Hypergrowth companies

The homepage of Opendoor is seen on a smartphone against Zillow's map page on an iPad.
Tada Images/Shutterstock

Palihapitiya’s first recommendation to combat higher prices is a simple one: Invest in companies that can outrun inflation. He calls them hypergrowth businesses.

“Think of that as companies that are growing 50%+ per year,” Palihapitiya said.

Which businesses fit this description?

Palihapitiya highlighted three companies that he helped go public through SPACs: personal finance technologist SoFi Technologies, real estate transaction platform Opendoor Technologies, and next-gen Medicare Advantage insurer Clover Health Investments. While these companies are growing rapidly, their shares are all particularly volatile. But you don’t have to go all-in.

These days, you can build your own hypergrowth portfolio just by using your own digital nickels and dimes.

Cash flow producers

Office building Rio Tinto, one of the biggest mining companies in the world, with regional headquarter in Perth, Western Australia
Rob Bayer/Shutterstock

Palihapitiya also likes assets that produce boatloads of cash flow.

“You’ll want the thing that was generating a ton of cash because in a rising rate environment that has very positive attributes that work in your favor,” he said.

Palihapitiya mentioned miners as healthy producers of cash. He didn’t give specific examples, but sticking with the largest miners might be a good idea.

For fiscal year 2021, Australian giant BHP Group generated $27.2 billion in operating cash flow. Free cash flow came in at a record $19.4 billion.

Then there’s Rio Tinto, which brought in $10.2 billion in free cash flow over the first six months of 2021, marking a 262% year-over-year increase.

Both BHP and Rio Tinto shares are down about 20% year to date, which could be an opportunity for investors looking for value.

Of course, if you’re on the fence about jumping into this volatile sector, some apps might give you a free share of a mining stock just for signing up.

Non-correlated assets

A Lot Of Bitcoin Crypto currency Gold Bitcoin BTC Bit Coin.
kitti Suwanekkasit/Shutterstock

Palihapitiya also suggests owning assets that don't move in tandem with the stock market.

“I want to own non-correlated assets,” Palihapitiya told CNBC.

In that context, Palihapitiya likes cryptocurrencies such as Bitcoin and blockchains like Solana as they can act as a “great counterintuitive hedge.”

Investing in crypto is also easier than before. Last month, ProShares Bitcoin Strategy ETF made its debut in the U.S. The ETF holds bitcoin futures contracts that trade on the Chicago Mercantile Exchange.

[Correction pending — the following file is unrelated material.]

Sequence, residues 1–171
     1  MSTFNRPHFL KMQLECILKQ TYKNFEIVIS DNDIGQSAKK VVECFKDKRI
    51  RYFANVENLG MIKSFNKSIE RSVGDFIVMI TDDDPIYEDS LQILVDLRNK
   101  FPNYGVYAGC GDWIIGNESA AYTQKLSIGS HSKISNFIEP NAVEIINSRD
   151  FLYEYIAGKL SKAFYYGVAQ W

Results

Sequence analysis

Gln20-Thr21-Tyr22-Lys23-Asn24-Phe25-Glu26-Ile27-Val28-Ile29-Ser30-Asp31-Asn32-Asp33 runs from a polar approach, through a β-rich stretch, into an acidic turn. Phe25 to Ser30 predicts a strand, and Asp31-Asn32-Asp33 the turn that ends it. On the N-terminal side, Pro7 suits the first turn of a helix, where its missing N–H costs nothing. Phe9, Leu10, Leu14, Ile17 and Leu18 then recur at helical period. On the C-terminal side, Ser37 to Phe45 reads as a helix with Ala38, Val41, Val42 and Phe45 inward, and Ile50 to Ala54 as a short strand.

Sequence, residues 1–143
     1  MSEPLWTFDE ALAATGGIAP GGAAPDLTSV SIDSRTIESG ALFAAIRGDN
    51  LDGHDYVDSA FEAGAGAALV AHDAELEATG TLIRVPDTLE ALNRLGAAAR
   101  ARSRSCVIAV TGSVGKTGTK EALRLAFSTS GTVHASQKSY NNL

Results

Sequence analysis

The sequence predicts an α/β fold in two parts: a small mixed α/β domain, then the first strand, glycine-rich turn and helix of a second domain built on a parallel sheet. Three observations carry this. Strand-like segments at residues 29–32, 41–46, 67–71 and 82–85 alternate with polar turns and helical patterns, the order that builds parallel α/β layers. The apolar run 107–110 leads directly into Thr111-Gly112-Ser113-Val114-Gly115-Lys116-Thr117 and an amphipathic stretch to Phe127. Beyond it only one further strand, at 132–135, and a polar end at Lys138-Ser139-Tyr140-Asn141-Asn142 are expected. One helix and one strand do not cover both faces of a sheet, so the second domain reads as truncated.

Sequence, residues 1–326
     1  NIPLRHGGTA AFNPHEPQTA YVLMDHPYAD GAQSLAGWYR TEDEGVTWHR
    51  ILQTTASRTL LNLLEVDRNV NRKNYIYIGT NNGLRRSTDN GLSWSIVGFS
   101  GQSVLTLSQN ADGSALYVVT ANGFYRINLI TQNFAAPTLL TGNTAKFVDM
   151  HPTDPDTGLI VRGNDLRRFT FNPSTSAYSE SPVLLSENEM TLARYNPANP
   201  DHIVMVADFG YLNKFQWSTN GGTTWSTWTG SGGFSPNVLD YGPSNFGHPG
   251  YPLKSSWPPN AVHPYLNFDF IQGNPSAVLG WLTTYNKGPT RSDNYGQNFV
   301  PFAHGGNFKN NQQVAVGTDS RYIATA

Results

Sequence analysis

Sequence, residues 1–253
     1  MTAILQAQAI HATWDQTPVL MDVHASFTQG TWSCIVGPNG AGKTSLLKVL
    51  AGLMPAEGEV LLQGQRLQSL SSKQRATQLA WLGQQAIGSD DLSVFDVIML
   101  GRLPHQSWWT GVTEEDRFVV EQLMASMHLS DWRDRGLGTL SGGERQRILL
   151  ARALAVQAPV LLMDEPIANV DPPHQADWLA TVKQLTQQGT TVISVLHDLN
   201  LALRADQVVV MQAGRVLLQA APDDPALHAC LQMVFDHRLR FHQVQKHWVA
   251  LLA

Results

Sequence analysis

There are also companies that have tied themselves to Bitcoin.

Tesla, for instance, owned close to 42,000 bitcoins according to Elon Musk’s Twitter account. Meanwhile, enterprise software technologist MicroStrategy had a stash of 114,042 bitcoins at the end of Q3.

Of course, you can also buy crypto directly.

These days, many exchanges charge up to 4% in commission fees just to buy and sell crypto. But some investing apps charge 0%.

And there’s no need to buy a whole coin. You can start with as little as $1.

A 'finer' fourth way

Young female visitor looking reflective while sitting on a bench and admiring the various paintings on the wall of an art gallery
antoniodiaz/Shutterstock

While hypergrowth companies, mining stocks, and crypto-related investments can help investors hedge against inflation, they are also very volatile.

If you want to invest in something that has little correlation with the ups and downs of major markets, you might want to consider an overlooked asset — fine art.

Contemporary artwork has already outperformed the S&P 500 by a commanding 174% over the past 25 years, according to the Citi Global Art Market chart.

Investing in fine art by the likes of Banksy and Andy Warhol used to be an option only for the ultra-rich like Palihapitiya.

But with a new investing platform, you can invest in iconic artworks too, just like Jeff Bezos and Peggy Guggenheim.

About the Author

Jing Pan

Jing Pan

Reporter

Jing is an investment reporter for MoneyWise. Prior to joining the team, he was a research analyst and editor at one of the leading financial publishing companies in North America. An avid advocate of investing for passive income, he wrote a monthly dividend stock newsletter for the better half of the past decade. Jing holds a Master’s Degree in Economics and an Honours Bachelor of Science Degree, both from the University of Toronto.

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